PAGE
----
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The Phys.org news item Hubble is the ultimate multitasker: Discovering asteroids while it's doing other observations includes the image below.

What causes these asteroid trails to be so strangely shaped and repeated? Usually asteroids appear as short straight segments in long exposures from terrestrial telescopes.

enter image description here

Some asteroids from within our Solar System have photobombed deep images of the Universe taken by the NASA/ESA Hubble Space Telescope. The asteroidal streaks in this image are created by our virtual neighbours; asteroids in the main asteroid belt between Mars and Jupiter. In the background are thousands of colourful galaxies, some of them billions of light years away. Credit: NASA, ESA, and B. Sunnquist and J. Mack (STScI); CC BY 4.0; Acknowledgment: NASA, ESA, and J. Lotz (STScI) and the HFF Team

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What causes these asteroid trails to be so strangely shaped and repeated?

The linked image is a composite of several long duration exposures captured by the Hubble Advanced Camera for Surveys of the same region of the distant sky. Each individual exposure was about ~2200 seconds long. Nearby objects such as asteroids would have been subject to the proper motion of the asteroid with respect to the Earth and parallax due to the Hubble being in orbit about the Earth during those ~2200 second long exposures.

Each individual streak comprises both proper motion and parallax effects. The parallax effects are what make the streaks have a nonlinear shape. One orbit later (~5725 seconds), another ~2200 second long exposure showed a similar path for the same asteroid, but shifted a bit because of the asteroid's proper motion. This is why the composite image shows twenty streaks (per the linked article; I see sixteen) for only seven asteroids.

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  • $\begingroup$ I see, so it turns out that the proper motion and parallax are of the same order of magnitude, resulting in a variety of shapes. If one dominated the other, the shapes might be more recognizable. $\endgroup$ – uhoh Jun 27 at 11:27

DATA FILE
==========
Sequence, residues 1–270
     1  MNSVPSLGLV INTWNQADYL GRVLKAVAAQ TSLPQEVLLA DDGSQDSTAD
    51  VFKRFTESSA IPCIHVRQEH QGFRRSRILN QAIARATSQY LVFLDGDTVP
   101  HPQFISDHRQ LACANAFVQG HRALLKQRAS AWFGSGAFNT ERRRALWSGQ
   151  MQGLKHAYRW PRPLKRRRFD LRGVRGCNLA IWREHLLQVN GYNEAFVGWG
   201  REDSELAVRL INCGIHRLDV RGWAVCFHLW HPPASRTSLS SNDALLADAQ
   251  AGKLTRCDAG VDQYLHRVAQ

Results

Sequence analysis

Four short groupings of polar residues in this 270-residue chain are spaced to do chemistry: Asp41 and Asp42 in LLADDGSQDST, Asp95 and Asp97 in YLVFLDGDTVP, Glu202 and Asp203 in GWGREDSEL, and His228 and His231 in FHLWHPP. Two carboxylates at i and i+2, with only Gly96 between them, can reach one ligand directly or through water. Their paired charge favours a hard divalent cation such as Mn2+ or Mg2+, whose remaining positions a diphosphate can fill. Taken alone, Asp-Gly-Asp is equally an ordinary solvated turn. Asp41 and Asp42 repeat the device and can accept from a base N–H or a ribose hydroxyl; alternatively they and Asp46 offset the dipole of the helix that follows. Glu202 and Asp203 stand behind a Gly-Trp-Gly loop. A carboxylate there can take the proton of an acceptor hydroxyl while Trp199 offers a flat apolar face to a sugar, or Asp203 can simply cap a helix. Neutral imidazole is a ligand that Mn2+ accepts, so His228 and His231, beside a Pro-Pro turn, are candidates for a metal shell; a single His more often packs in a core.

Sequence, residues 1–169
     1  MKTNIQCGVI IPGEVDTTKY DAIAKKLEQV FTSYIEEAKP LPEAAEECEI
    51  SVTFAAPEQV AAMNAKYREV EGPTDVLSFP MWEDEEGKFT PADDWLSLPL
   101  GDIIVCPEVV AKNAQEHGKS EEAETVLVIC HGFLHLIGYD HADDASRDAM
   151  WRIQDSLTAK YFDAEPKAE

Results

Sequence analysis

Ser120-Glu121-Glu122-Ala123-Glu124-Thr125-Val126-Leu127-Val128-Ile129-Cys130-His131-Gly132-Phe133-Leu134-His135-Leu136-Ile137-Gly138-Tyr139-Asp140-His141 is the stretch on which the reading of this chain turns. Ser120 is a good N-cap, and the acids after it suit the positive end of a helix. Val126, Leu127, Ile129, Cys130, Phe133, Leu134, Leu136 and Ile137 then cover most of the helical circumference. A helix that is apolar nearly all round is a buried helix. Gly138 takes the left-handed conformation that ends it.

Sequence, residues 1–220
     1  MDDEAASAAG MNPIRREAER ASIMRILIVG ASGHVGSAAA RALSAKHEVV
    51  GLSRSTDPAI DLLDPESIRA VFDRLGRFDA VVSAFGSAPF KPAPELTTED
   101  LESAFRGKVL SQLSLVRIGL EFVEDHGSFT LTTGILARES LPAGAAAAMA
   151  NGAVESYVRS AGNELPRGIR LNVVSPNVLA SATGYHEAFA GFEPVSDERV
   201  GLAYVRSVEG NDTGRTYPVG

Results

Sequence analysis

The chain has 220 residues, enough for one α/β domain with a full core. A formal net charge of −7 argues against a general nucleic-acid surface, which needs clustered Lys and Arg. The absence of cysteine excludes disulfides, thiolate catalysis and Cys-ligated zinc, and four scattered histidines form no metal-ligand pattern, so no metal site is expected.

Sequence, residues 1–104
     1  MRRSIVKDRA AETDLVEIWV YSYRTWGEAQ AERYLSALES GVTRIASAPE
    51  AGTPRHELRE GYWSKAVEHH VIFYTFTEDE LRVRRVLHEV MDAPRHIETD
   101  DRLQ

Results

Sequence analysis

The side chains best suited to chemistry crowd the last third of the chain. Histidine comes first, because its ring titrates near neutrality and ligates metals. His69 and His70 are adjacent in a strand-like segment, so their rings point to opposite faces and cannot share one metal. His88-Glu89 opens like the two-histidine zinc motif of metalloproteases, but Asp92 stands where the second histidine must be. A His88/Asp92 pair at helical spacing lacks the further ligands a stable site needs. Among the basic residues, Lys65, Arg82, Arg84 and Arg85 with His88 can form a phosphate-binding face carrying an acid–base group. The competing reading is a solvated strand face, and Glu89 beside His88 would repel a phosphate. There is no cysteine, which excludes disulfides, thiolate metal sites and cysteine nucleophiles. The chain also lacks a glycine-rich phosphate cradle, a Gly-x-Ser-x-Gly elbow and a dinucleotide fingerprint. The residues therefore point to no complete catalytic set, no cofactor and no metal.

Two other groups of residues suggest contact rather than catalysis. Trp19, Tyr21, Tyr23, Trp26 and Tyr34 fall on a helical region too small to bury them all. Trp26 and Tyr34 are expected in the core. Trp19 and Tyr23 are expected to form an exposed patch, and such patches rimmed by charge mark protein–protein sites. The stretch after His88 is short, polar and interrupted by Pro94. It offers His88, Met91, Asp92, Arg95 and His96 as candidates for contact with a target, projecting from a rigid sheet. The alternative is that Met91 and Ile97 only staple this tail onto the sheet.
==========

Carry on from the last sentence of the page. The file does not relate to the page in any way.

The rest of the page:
• $\begingroup$ I just ran across this image with gravitational lensing arcs mixed in with astroid squiggles. $\endgroup$ – uhoh Jun 29 at 11:37
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The asteroids leave corkscrew shaped trails which are interrupted by not recording when the Earth passes through the field of view. The corkscrew shape echoes the path of the telescope moving around the Earth as the Earth moves around the Sun. The straighter trails you are familiar with are merely zoomed-out versions of the same -- asteroid hunting needs long exposures but not high magnification.

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I've accepted the other answer. Then I ran across this article so I'm posting this as a supplemental answer.

It turns out that at the bottom of the Phys.org article there was a link to another, older article Image: Dance of the asteroids which did contain an explanation, as well as another image:

The asteroid trails look curved due to an observational effect called parallax. As Hubble orbits around Earth, an asteroid will appear to move along an arc with respect to the vastly more distant background stars and galaxies. The motion of Earth around the Sun, and the motion of the asteroids along their orbits, are other contributing factors to the apparent skewing of asteroid paths.

All the asteroids were found manually, the majority by "blinking" consecutive exposures to capture apparent asteroid motion. Astronomers found a unique asteroid for every 10 to 20 hours of exposure time.

Note also:

These asteroid trails should not be confused with the mysterious-looking arcs of blue light that are actually distorted images of distant galaxies behind the cluster. Many of these far-flung galaxies are too faint for Hubble to see directly. Instead, in a dramatic example of "gravitational lensing," the cluster functions as a natural telescope, warping space and affecting light traveling through the cluster toward Earth.

enter image description here

Credit: NASA, ESA, and B. Sunnquist and J. Mack (STScI) Acknowledgment: NASA, ESA, and J. Lotz (STScI) and the HFF Team

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